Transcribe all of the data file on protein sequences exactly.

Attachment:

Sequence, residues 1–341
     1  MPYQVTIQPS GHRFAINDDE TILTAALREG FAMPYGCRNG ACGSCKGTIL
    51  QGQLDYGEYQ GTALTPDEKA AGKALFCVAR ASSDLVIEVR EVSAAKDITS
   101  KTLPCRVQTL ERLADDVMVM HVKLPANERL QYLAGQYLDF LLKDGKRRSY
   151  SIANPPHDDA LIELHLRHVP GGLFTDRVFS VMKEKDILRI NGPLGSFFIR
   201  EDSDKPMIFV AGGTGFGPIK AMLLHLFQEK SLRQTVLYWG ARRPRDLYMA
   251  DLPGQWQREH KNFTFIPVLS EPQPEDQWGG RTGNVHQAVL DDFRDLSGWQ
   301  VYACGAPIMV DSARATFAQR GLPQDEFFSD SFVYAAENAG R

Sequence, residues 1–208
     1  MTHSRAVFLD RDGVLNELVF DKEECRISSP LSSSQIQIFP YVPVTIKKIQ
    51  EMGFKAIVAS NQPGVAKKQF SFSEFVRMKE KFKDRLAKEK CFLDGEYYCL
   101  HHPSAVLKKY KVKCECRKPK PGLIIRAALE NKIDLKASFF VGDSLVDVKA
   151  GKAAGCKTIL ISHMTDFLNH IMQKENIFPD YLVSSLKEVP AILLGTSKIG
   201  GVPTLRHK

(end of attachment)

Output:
Sequence, residues 1–341
     1  MPYQVTIQPS GHRFAINDDE TILTAALREG FAMPYGCRNG ACGSCKGTIL
    51  QGQLDYGEYQ GTALTPDEKA AGKALFCVAR ASSDLVIEVR EVSAAKDITS
   101  KTLPCRVQTL ERLADDVMVM HVKLPANERL QYLAGQYLDF LLKDGKRRSY
   151  SIANPPHDDA LIELHLRHVP GGLFTDRVFS VMKEKDILRI NGPLGSFFIR
   201  EDSDKPMIFV AGGTGFGPIK AMLLHLFQEK SLRQTVLYWG ARRPRDLYMA
   251  DLPGQWQREH KNFTFIPVLS EPQPEDQWGG RTGNVHQAVL DDFRDLSGWQ
   301  VYACGAPIMV DSARATFAQR GLPQDEFFSD SFVYAAENAG R

Sequence, residues 1–208
     1  MTHSRAVFLD RDGVLNELVF DKEECRISSP LSSSQIQIFP YVPVTIKKIQ
    51  EMGFKAIVAS NQPGVAKKQF SFSEFVRMKE KFKDRLAKEK CFLDGEYYCL
   101  HHPSAVLKKY KVKCECRKPK PGLIIRAALE NKIDLKASFF VGDSLVDVKA
   151  GKAAGCKTIL ISHMTDFLNH IMQKENIFPD YLVSSLKEVP AILLGTSKIG
   201  GVPTLRHK